With the scored tied 0-0, junior third baseman Troy Kuhn led off the fifth inning with a double. Senior DH Aaron Gretz drew a next at-bat walk, putting two Bucks aboard. Too early to play for one run, sacrifice outs, head coach Greg Beals did the right thing in allowing junior Craig Nennig to swing away. Unfortunately Nennig struck out looking, did not get the ball in play to advance the runners. Troy did get to third when junior Zach Ratcliff popped out in foul territory down the right field line, but was stranded there with a next at-bat strikeout by Troy Montgomery.

Kuhn cost himself in the seventh as the Bucks trailed 1-0. Leading off the inning with a single, his and OSU's second hit of the day, Kuhn was picked off first in the ensuing at-bat with Gretz at the plate. Immediately after Kuhn was wiped away, Gretz doubled.  Freshman Tre Gantt pinch ran for Gretz and with two outs was throw out at the plate on a single to left field from Ratcliff. The Buckeyes picked up two singles and double in the inning without scoring a run.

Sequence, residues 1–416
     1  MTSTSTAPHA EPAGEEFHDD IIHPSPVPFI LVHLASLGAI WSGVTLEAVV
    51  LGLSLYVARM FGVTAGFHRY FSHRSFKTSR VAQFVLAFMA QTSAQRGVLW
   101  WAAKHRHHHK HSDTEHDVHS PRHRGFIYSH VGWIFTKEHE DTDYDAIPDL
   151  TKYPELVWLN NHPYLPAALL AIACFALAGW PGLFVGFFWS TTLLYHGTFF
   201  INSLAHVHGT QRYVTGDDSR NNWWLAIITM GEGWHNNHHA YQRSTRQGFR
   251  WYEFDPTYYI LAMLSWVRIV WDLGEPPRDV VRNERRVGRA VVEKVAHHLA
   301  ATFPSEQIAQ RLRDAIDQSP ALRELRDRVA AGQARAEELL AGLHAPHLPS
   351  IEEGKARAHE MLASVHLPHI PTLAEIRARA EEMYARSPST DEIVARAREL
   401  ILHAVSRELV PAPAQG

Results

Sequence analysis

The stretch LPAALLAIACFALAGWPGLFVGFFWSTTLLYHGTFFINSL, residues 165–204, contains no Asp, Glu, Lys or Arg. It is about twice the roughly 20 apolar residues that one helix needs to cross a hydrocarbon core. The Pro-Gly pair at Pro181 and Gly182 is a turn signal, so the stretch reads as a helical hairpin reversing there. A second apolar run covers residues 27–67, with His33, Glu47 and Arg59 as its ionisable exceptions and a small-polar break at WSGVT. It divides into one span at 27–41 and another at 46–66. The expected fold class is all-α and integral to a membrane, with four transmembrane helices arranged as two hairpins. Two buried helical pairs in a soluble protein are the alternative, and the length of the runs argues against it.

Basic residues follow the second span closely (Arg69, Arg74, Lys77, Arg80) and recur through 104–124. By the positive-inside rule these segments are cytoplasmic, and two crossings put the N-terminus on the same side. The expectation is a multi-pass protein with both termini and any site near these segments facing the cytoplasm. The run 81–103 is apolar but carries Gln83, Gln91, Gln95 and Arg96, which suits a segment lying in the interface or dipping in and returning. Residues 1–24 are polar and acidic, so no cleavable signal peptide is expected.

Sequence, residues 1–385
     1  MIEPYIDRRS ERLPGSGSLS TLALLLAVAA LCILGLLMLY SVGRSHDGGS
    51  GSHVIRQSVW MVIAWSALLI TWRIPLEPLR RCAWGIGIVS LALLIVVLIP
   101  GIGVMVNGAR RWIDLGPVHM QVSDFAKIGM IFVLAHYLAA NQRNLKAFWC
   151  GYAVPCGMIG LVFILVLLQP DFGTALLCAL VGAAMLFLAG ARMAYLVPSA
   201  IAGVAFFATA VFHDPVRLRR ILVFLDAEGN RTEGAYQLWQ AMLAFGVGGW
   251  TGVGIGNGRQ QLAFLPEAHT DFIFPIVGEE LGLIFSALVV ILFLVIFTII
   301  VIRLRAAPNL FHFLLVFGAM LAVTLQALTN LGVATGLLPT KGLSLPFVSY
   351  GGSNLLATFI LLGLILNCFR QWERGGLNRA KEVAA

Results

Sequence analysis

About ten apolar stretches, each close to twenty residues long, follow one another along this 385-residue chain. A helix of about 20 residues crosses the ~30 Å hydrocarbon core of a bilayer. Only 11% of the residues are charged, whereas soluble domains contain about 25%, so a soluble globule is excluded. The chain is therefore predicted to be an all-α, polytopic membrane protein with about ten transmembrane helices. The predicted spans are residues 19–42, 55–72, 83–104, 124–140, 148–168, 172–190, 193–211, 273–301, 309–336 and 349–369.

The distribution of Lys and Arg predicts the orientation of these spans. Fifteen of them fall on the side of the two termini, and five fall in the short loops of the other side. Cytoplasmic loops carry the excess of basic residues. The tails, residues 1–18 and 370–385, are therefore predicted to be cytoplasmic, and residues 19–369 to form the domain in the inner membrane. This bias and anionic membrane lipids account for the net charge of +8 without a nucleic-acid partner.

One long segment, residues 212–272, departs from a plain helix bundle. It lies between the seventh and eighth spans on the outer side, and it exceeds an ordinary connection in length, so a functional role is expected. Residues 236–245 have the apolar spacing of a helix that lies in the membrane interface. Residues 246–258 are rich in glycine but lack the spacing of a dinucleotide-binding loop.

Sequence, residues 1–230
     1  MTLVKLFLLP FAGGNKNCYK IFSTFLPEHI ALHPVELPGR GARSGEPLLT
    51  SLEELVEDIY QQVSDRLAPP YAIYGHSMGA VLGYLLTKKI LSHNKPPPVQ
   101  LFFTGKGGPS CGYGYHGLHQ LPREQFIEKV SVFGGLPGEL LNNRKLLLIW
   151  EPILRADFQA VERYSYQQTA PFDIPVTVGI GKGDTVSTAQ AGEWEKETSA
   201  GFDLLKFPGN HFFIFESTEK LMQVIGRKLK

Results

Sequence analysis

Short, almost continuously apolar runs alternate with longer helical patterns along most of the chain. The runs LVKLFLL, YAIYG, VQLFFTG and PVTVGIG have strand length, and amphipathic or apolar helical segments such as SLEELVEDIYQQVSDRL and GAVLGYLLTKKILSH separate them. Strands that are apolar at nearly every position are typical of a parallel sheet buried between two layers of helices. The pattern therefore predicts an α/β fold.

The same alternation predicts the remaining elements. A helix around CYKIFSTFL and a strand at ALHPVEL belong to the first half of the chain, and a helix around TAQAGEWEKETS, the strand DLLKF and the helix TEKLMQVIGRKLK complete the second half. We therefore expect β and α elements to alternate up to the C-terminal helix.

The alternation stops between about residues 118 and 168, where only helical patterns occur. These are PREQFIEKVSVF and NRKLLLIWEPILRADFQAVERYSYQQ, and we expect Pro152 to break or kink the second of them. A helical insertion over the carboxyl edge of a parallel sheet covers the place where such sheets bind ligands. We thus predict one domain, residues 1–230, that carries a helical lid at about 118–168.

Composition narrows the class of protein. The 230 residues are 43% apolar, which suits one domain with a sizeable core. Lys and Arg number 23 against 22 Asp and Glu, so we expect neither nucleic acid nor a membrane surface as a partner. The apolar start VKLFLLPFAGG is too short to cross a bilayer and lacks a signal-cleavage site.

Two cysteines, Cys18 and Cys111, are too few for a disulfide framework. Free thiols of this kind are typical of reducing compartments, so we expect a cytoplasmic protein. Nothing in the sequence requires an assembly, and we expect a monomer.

Freshman reliever Kyle Michalik entered the game in the seventh and promptly plunked the first two batters he faced. After a sacrifice bunt put two Owls in scoring position, the right-hander recovered to strike out the next batter. The inning appeared over, Michalik to leave unscathed with a bouncer back to the pitcher, but an error on the toss to Ratcliff at first extended the inning and doubled OSU's deficit.

In their last at-bat, trailing 2-0, back-to-back singles opened the ninth. Kuhn skied a ball to left field, a ball in play where neither runners could advance. Nennig did record a two-out, RBI single to put runners at the corners in a one-run game, but Ratcliff struck out to end the game.